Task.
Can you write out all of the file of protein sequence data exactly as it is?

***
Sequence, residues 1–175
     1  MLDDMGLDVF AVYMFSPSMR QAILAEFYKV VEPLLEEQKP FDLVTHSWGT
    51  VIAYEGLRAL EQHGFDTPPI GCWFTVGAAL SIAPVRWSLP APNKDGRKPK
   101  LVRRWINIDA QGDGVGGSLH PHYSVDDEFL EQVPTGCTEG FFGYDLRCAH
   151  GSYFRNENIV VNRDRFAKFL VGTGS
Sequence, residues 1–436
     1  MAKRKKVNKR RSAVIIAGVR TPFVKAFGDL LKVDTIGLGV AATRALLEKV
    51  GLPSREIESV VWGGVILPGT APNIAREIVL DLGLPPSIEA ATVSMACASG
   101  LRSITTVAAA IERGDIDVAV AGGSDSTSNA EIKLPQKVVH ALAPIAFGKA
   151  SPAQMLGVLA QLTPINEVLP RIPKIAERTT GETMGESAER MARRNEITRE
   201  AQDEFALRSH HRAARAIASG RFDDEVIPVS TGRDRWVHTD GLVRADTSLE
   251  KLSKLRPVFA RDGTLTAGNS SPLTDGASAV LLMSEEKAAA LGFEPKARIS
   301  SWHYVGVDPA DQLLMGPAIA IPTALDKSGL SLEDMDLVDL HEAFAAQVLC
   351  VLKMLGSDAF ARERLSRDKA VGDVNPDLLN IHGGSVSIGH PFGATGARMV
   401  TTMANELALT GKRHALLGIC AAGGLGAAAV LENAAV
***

Sequence, residues 1–175
     1  MLDDMGLDVF AVYMFSPSMR QAILAEFYKV VEPLLEEQKP FDLVTHSWGT
    51  VIAYEGLRAL EQHGFDTPPI GCWFTVGAAL SIAPVRWSLP APNKDGRKPK
   101  LVRRWINIDA QGDGVGGSLH PHYSVDDEFL EQVPTGCTEG FFGYDLRCAH
   151  GSYFRNENIV VNRDRFAKFL VGTGS
Sequence, residues 1–436
     1  MAKRKKVNKR RSAVIIAGVR TPFVKAFGDL LKVDTIGLGV AATRALLEKV
    51  GLPSREIESV VWGGVILPGT APNIAREIVL DLGLPPSIEA ATVSMACASG
   101  LRSITTVAAA IERGDIDVAV AGGSDSTSNA EIKLPQKVVH ALAPIAFGKA
   151  SPAQMLGVLA QLTPINEVLP RIPKIAERTT GETMGESAER MARRNEITRE
   201  AQDEFALRSH HRAARAIASG RFDDEVIPVS TGRDRWVHTD GLVRADTSLE
   251  KLSKLRPVFA RDGTLTAGNS SPLTDGASAV LLMSEEKAAA LGFEPKARIS
   301  SWHYVGVDPA DQLLMGPAIA IPTALDKSGL SLEDMDLVDL HEAFAAQVLC
   351  VLKMLGSDAF ARERLSRDKA VGDVNPDLLN IHGGSVSIGH PFGATGARMV
   401  TTMANELALT GKRHALLGIC AAGGLGAAAV LENAAV